Trick Your Treats

By Angelica Catalano for
Five ways to indulge this Halloween season, binge-free.

Trick Your Treats

Will you be filling children’s bags with apples this Halloween? Before you hand out those packs of sugar-free gum because you’re afraid that having treats in your house is an open invitation to a personal snack attack, heed this: You don’t have to be afraid that Halloween will derail your healthy diet! Follow these five tips so you can enjoy the season (almost as much) as if you were a kid again.

1. Keep the sweets in a dark container, out of reach.
Out of sight out of mind? Kind of! In a Cornell study, female faculty and staff ate twice as many Hershey Kisses if they were in a clear container on the desk, as opposed to a opaque container. Women ate even less when that dark container was six feet away.

When the women had to walk to get the chocolates, they thought they ate more than they really did, but when the candies were nearby they thought they ate way less! Just having to put in the extra effort for the chocolates makes you more mindful than when you’re popping them from the personal stash in a bowl on top of your desk.

2. Roast pumpkin seeds from your freshly carved pumpkin.
Kick off the season with a snack you can make spicy, salty, sweet or savory.

After you rinse stringy pumpkin goo from the seeds, drizzle olive oil on a roasting pan and spread seeds on top. Top with your favorite spices, like salt, cinnamon, ginger and cayenne pepper. Bake at 325°F for 20 minutes or until golden brown.

Bonus: Pumpkin seeds are chock-full of beauty nutrients (magnesium, iron, copper and zinc to name a few). For some extra mindful snacking, crack the seed and eat the inside, rather than having it whole.

3. Savor, don't stop completely.
If you want to have that piece of chocolate, go ahead.

"Trying to suppress thoughts about candy are actually counter productive. Dieters tend to eat more chocolate when they try to avoid it all together," says Susan Albers, Psy.D., author of But I Deserve This Chocolate: the 50 Most Common Diet Derailing Excuses and How to Outwit Them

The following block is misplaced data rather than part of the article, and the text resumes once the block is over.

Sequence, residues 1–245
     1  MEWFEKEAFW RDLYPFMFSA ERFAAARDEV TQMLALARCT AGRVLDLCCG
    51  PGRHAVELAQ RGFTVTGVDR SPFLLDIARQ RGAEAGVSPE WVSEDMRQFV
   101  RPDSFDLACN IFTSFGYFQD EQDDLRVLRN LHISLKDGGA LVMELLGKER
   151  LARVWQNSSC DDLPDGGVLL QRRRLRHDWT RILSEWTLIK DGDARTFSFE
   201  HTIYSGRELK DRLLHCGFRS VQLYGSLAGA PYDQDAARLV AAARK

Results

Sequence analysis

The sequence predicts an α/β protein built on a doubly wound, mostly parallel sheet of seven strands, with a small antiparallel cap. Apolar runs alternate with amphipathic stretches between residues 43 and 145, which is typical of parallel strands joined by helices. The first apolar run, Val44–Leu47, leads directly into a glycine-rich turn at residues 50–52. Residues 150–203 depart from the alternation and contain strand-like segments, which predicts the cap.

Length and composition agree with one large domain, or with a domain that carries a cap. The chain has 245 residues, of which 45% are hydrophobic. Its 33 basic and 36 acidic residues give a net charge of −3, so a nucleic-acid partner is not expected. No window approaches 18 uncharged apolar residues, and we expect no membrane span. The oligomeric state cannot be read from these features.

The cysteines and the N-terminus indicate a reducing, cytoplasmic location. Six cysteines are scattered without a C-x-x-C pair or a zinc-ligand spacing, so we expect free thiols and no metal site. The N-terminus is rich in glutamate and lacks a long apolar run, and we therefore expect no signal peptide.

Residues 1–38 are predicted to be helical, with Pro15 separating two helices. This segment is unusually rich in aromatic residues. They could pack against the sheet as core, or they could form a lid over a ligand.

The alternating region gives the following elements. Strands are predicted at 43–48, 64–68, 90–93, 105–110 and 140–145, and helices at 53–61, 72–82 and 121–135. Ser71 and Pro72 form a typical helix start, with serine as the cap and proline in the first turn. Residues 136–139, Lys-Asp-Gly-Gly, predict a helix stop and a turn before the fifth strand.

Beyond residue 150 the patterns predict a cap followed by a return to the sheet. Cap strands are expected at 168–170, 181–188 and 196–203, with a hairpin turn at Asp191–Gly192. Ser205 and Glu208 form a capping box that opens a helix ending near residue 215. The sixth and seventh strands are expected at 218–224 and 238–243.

Opt for an ounce of 70 percent dark chocolate or higher the darker, the better. The flavonoids in dark chocolate have been linked to a better complexion, and a brand new study found that women who consumed an about 2.3 ounces of chocolate per week had a significantly lower stroke risk than those who consumed little or no chocolate.
4. Got gum?
"Chew gum before taking out the candy dish," Dr. Albers recommends. "According to a study in the journal Appetite, chewing gum for at least 45 minutes can reduce your appetite, make you feel less hungry for snacks and increase fullness," she says.  Specifically, the study showed that chewing gum curbed cravings for sweet and salty snacks.

If you want to cut back on your artificial sweeteners, try gum with the sugar alcohol "xylitol."

5. Last but not least: Eat your favorite candy last!
They call it "saving the best for last" for good reason. "People who had an enjoyable snack last tended to remember enjoying the snack more than those who ate an enjoyable snack first," Dr. Albers says of a recent study in Appetite.

Definitely don’t get the jumbo value pack of your favorite candy, but let yourself have a little. Filling up on fiber-packed foods first, will keep you from being ravenous for your favorite treat when you come around to enjoying it.

And if you think that having a bunch of different candies around the house that aren’t your fav will keep you from eating less, know that this strategy could backfire. "When you buy multiple types or a variety pack you are likely to eat more," Albers says.

Now, put away those tubes of toothpaste you had stocked up for Halloween night you’re ready to trick your treats!

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